The British countryside is full of Defenders that look like this one; battered, seized exposed screw heads, roofs green with mould, and patches over patches on the chassis. Somehow we’re not sure the new version will look like these in 30 years. Mostly because it probably won’t last that long.
John’s beautifully rendered 2A 109 van manages to capture all of the shediness of the thousands of Defenders carrying equipment, sheep, and farmers across the British Isles brilliantly, and there’s more to see of his stunning render at his photostream. Click here to take a closer look.
We’re often asked why we don’t publicise more digital creations. The answer is most of them don’t look like this. Well, we don’t mean they’re not a Škoda 14TrM trollybus (although it is lovely), but this is the quality we need to be able to blog a rendered model. It comes from aaref1ev of Flickr who lives near to where these buses were built by Škoda under license during the late ’90s. Superbly well detailed, aaref1ev’s Škoda 14TrM has been rendered beautifully by liz_dewitt and there’s more to see of this digital delight at aaref1ev’s photostream via the link above.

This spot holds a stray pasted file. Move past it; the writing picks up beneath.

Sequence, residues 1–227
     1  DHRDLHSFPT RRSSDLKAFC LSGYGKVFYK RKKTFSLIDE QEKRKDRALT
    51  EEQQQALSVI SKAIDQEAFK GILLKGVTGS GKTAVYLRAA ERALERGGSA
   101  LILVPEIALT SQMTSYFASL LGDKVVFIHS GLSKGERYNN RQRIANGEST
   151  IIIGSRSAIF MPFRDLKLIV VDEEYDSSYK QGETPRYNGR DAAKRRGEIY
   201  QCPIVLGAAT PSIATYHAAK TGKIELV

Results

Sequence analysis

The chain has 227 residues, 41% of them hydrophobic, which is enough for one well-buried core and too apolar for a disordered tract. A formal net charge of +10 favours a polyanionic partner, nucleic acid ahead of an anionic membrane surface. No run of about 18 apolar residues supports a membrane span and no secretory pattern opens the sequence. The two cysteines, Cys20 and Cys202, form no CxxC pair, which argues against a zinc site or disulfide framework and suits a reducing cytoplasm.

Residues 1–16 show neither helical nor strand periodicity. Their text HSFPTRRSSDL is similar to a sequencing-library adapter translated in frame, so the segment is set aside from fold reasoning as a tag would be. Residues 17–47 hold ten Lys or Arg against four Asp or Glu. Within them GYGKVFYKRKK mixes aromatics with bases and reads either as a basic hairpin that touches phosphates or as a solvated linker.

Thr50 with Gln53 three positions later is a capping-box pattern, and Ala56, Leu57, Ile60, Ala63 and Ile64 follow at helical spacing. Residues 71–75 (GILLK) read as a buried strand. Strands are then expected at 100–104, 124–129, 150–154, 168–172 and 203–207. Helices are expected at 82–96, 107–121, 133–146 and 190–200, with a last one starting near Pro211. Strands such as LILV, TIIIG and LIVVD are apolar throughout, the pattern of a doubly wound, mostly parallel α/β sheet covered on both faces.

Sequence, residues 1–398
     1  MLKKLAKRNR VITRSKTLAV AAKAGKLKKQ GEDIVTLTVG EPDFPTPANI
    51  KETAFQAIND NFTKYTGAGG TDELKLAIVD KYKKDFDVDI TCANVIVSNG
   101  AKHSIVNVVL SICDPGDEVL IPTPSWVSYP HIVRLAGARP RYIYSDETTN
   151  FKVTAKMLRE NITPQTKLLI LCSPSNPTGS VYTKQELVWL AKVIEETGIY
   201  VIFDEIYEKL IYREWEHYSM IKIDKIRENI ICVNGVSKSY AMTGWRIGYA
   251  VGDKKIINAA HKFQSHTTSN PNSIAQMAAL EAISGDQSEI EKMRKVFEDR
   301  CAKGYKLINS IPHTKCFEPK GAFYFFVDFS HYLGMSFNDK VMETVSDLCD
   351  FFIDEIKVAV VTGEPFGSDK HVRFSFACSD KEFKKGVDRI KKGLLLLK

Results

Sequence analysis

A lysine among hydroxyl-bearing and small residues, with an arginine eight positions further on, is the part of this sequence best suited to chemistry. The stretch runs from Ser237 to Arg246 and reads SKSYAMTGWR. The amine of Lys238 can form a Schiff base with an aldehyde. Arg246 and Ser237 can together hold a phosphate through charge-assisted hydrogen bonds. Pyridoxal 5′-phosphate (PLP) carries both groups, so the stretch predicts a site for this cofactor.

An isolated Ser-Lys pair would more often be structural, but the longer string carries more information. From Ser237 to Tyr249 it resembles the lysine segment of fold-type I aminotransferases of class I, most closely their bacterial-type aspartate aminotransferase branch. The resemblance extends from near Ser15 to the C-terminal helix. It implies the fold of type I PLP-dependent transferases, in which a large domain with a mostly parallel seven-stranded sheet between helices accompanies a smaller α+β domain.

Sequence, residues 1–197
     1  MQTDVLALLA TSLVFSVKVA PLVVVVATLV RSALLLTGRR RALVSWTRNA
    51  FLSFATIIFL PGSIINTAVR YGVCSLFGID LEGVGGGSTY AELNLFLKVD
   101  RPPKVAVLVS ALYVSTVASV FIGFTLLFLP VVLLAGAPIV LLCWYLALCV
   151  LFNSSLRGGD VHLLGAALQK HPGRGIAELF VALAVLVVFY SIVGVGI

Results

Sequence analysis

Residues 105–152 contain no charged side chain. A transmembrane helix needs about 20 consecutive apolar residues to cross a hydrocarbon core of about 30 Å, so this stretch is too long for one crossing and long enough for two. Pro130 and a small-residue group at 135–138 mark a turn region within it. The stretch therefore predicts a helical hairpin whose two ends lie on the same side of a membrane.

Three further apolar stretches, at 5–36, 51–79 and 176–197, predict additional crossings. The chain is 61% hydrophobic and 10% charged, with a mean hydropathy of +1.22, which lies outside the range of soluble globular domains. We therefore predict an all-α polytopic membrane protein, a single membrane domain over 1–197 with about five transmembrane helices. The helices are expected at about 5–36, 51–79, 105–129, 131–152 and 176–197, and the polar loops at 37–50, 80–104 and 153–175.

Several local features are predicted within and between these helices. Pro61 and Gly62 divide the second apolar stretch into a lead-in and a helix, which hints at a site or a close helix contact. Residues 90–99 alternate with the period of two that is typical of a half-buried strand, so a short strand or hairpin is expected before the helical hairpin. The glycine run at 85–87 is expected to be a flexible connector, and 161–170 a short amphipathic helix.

The new LEGO Technic 42110 Land Rover Defender set may be getting all the attention right now, but it has us yearning for a proper Land Rover. This is one such vehicle, from back before the Defender was called the Defender. It is in fact simply known as the Land Rover Series 2A, and is shown here in 109 pick-up form courtesy of John O’Shea of Flickr.
John’s Land Rover Series 2A might be digital, but it’s also absolutely gorgeous, and very probably the most accurate Lego Land Rover design we’ve seen yet. He’s even built an ultra rare Cuthbertson tracked variant, sold in the ’60s by a Scottish engineering firm to allow the Land Rover go even further off-road. Head into the unknown (virtually) at John’s Land Rover Series 2A album via the link above.